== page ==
Monday, August 13, 2012
In Quinn's pub there is a photograph of Ventry village as it was a century ago. The road is unpaved and there is a single donkey cart instead of a fleet of tourist automobiles whizzing by, but otherwise the place looks remarkably like the village of today. Same pub. Same post office/shop. A century ago, there were three blacksmiths, a shoemaker, a tailor, a dressmaker, a carpenter, a cooper, fishermen and farmers living and working in this tiny enclave of houses. Today's replacements for the products of their labor -– the shoes, the clothing, the automobiles, the food -- as likely as not come from China or Detroit.
In my photo above, you see part of the "Colony," a string of tiny cottages stretching away from the village green, built by Protestant missionaries in the mid-19th century to house locals who converted to the Protestant faith (most now have porches and extensions on the back with indoor plumbing, etc.). The village became a lively outpost for Protestant proselytizing, supported by Lord Ventry, who owned most of the land hereabouts. The idea was to bring the light of the True Gospel to the poor deluded Catholics living in dark servitude to Rome, the Whore of Babylon.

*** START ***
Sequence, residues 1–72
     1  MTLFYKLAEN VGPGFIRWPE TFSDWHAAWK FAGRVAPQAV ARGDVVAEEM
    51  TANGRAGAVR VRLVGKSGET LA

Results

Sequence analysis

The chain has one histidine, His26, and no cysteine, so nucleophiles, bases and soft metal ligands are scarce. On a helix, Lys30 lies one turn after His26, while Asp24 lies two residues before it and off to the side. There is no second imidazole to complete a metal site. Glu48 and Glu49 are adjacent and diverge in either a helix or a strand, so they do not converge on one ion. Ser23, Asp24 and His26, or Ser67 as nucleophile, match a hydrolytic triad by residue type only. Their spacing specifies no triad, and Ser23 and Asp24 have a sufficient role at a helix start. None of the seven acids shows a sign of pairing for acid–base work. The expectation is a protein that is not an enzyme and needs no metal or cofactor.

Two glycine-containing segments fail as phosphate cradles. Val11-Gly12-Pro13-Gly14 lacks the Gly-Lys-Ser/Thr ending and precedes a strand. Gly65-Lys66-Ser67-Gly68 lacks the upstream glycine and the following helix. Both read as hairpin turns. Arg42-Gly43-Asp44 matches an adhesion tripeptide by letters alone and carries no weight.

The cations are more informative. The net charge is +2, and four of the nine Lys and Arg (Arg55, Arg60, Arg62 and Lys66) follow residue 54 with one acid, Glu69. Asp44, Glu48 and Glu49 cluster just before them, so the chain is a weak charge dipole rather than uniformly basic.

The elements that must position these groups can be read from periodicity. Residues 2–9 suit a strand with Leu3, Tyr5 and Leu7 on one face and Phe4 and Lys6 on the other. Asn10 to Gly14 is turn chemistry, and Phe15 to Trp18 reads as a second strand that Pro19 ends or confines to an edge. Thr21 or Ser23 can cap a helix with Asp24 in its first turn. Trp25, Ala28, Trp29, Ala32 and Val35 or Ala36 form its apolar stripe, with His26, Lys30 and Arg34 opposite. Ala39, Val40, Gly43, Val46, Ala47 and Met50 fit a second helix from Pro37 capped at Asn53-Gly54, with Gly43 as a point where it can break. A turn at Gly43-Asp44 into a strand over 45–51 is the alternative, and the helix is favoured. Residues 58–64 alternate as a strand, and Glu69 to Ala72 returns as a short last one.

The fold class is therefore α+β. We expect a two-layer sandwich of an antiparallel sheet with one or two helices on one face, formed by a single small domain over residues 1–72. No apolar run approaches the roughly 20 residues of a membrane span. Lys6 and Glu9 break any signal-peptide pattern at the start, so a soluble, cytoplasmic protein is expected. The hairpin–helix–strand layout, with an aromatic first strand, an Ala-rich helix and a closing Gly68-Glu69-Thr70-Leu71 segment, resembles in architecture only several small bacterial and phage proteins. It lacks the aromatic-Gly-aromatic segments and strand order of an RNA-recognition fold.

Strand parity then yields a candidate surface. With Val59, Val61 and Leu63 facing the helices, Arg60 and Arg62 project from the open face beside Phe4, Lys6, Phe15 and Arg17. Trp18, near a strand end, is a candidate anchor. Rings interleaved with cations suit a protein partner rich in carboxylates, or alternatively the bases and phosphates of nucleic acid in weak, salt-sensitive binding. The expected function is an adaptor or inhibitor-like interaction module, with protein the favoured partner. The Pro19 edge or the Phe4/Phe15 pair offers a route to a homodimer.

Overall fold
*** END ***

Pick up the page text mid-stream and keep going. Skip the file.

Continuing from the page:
More than a cozy stone-built cottage awaited those who converted. Food too. The rent of a generous plot of ground to till. A place in the Protestant schoolhouse for your children. And, according to the missionaries, a fair crack at Heaven. Trade your faith for a bowl of soup; that was the deal. "Soupers," they were called, those who abandoned Rome.
With the passage of time, the Famine, and emigration, the Catholic Church rebounded. There remain a few Protestant families in the village, but by the beginning of the 20th century most folks were at least nominally Catholic. The Protestant church was leveled to the ground in the 1960s.
By the time we arrived here in the early 1970s, and built our cottage on the hill above the village, Ventry was sending out its own Catholic missionaries to convert the heathens. I remember a donation box on the bar in Quinn's, from one Catholic missionary society or the other, pleading: "Support the missions in Los Angeles." Thus does the wheel turn and Truth marches on.